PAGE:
- Manta – Terry and Dawn onboard OK – We will try to refloat today. Damage to port side ama, but should be OK.
- Cloud 9 – Unoccupied – moderate to serious damage – Possibly salvageable
- Libertad – Unoccupied – moderate damage – should be salvageable
- Rapscallion — Unoccupied – light to moderate damage – should be salvageable
- BOATS ON THE BREAKWATER/SEAWALL ON FONATUR SIDE OF THE ELLIPSE:
- Merilon – Unoccupied – moderate to serious damage – may be salvageable
- Yankee Dreamer – Unoccupied – moderate damage – should be salvageable
- Elusive – Bill on board and okay – sery serious damage – probably a loss
- Cloud Nine – Bill on board and okay – sunk – probably a loss
- Sea Toy – Unoccupied – sunk – probably a loss
- Luna Sea II – Unoccupied – dismasted and moderate damage – probably salvageable
- Small 27-ft sailboat underneath Luna Sea II – Sunk – probably a loss
BOATS IN THE WAITING ROOM OR API AREA:
- Angel – Unoccupied – High and dry on beach – moderate damage?? – may be salvageable
- 27-ft trimaran – (Don’t know name) – In mangroves – minor damage – should be salvageable
- Red Something (not sure on second word in name)- Unoccupied – on the rocks at API – moderate to serious damage? – may be salvageable?
- Estancia – Unoccupied – dismasted and sunk at big API pier – definitely a loss
- Nikka – Unoccupied – dismasted but still floating – moderate damage but should be salvageable.
One other boat was dismasted but don’t know name. Unoccupied. Should be Salvageable.
That’s it, I think. FYI – Heard on Amigo Net this morning that Pantera and Bob are OK in Santa Rosalia. Lot of damage there. Old marina destroyed. All but one boat on that dock beached or sunk. Town is awash in mud.”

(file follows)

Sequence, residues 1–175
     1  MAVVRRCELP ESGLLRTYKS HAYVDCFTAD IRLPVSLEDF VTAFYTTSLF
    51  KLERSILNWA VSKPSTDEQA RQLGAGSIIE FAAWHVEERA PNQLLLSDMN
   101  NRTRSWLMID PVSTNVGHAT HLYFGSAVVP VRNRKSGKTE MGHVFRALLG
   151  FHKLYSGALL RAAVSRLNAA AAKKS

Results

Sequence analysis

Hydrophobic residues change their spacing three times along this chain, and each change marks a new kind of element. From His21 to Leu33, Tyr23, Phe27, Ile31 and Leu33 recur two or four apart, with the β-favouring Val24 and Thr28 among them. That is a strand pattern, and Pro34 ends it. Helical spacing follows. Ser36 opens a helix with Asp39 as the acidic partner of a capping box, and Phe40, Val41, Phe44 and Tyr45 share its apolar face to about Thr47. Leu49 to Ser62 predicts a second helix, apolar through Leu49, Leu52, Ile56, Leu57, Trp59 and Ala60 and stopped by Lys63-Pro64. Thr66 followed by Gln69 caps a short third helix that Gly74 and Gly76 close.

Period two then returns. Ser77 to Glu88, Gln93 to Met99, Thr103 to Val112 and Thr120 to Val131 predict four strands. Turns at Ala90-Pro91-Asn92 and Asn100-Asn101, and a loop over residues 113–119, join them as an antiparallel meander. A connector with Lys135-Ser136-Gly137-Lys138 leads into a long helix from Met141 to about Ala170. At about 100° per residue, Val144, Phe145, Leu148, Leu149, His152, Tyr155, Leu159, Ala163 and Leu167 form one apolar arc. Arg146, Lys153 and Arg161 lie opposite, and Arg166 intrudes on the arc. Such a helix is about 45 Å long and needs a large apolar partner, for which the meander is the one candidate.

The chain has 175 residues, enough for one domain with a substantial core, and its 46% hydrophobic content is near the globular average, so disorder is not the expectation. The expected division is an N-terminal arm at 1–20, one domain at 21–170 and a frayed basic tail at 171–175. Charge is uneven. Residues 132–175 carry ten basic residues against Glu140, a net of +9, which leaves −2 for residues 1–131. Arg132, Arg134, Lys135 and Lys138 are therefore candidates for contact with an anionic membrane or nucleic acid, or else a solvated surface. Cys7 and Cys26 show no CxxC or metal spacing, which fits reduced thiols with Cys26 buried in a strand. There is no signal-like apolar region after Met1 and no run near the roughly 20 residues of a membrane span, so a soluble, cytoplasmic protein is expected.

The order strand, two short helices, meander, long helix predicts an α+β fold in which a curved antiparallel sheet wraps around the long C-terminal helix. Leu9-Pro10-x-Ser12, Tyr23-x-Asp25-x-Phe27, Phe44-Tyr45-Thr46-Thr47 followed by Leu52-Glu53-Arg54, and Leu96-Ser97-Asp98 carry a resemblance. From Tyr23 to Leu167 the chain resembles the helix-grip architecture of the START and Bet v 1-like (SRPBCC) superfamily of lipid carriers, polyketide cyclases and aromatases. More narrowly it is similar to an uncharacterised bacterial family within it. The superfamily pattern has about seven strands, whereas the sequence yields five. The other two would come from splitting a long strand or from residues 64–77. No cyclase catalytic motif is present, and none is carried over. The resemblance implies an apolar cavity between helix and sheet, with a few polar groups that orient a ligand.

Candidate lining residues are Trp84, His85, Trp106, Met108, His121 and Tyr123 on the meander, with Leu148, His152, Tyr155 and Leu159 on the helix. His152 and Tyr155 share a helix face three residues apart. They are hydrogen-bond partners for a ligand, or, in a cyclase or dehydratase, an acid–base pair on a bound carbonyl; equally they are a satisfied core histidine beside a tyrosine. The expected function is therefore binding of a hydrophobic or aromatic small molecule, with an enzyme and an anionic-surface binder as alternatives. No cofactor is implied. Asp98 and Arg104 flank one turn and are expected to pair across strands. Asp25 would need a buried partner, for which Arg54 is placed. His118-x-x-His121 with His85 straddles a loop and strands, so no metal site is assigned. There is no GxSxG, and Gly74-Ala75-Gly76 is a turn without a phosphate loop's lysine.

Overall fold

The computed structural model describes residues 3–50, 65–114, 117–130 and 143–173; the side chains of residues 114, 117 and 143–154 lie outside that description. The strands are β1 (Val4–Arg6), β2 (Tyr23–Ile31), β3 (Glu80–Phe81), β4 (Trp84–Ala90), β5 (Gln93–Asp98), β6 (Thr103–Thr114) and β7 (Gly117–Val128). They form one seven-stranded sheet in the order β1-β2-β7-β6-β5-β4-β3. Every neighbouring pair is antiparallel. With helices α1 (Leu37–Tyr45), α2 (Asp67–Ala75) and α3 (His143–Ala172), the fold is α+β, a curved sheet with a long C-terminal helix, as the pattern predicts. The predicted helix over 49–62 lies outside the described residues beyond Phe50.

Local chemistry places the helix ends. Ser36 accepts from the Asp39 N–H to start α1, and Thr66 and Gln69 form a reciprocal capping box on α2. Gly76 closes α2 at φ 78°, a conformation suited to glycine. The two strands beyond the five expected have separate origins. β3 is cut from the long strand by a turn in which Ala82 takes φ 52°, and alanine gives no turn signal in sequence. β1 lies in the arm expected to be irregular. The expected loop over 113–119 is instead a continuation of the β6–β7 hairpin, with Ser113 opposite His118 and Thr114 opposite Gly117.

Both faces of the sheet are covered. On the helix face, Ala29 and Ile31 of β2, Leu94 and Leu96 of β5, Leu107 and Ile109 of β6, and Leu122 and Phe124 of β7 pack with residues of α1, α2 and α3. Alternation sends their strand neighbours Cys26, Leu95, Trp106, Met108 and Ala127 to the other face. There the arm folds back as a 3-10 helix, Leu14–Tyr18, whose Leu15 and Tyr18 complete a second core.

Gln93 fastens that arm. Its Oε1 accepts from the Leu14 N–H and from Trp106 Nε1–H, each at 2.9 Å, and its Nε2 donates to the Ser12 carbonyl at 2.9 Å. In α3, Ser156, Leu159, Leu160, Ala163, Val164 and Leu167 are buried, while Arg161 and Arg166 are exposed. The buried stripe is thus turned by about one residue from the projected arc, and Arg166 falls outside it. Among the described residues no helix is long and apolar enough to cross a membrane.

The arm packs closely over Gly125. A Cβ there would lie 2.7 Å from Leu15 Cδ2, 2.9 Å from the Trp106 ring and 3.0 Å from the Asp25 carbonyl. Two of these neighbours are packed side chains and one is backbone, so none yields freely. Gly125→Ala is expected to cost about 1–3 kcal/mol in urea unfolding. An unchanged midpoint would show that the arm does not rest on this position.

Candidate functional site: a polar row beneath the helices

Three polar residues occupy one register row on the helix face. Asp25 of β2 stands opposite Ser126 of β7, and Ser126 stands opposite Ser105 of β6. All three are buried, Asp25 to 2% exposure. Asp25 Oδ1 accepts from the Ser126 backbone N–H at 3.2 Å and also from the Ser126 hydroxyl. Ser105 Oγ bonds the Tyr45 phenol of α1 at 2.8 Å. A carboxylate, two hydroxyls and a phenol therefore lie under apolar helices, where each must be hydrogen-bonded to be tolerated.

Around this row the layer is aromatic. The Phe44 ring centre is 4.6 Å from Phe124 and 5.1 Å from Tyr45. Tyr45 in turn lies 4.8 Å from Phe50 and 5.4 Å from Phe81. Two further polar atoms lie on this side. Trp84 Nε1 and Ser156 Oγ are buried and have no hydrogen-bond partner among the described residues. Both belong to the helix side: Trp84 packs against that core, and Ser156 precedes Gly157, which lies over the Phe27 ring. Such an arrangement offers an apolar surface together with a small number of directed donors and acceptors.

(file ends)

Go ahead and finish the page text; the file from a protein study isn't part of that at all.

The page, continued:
San Carlos / Guaymas — John Skoriak reports: “As more photos are posted on San Carlos message boards, the damage from Odile becomes evident. It seems that three large sailboats — one trimaran and two monohulls — broke loose from their moorings. Apparently all the boats at the two marinas are fine, and the same is true at the Marina Seca Dry Storage area where I have a Catalina 36.
Now reduced to a pile of rubble on the San Carlos shore, this was once a large trimaran. © 2014 Vince Radish / Viva San Carlos Message Board
The boat in the first photo in today’s report, apparently taken by Jim Cochran of the San Carlos-based Bliss, broke free from her mooring and grounded on the beach at the end of the San Carlos Bahia anchorage, “which is actually one of the best and most protected natural deepwater anchorages in Mexico,” says Skoriak, “except, of course, in a hurricane from south.”
The following is the firsthand report, from Monday, by Jeff Hartjoy of the Baba 30 Sailors’ Run in the northern Sea of Cortez, who is preparing for a nonstop sail around the world via the Southern Ocean:
“I figured out where the hurricane was when the eye passed over at 1:30 p.m. It was calm windwise for 30 minutes, although I had 10-foot waves, and had to sit in the trough and roll like a baby in a box car. My ice-maker flipped upside down and the cushions were all falling all over the place, but I was happy as the wind had quieted. After 30 minutes, the wind came back with a vengeance and blew like stink. The good thing was it had shifted 90 degrees, putting me once again in the protection of the land. The wind was also beating the 10-foot waves down to where they were about four feet. If my anchors let go, it looked like I could escape. Previously, I would have had to dive over the side before the boat crashed ashore and swim for my life.
“The worst part of the first half was I was having gusts to 85 knots. They would last about 15 seconds, and heel the boat so far that the rail was in the water. A couple of times I was tending to things on deck, and the rain was like buckshot. It stung! I couldn’t see anything, as the wind was like smoke on green water. So far, the only thing that is damaged is the bimini, as the zipper started blowing apart. So I rolled it up. One of the solar panels was trying to blow off the boat, and I had to tie it down with a rope and black tape. I think this thing will be gone by 7:30 p.m. tonight, and the back half of a hurricane is usually lighter than the front half’.”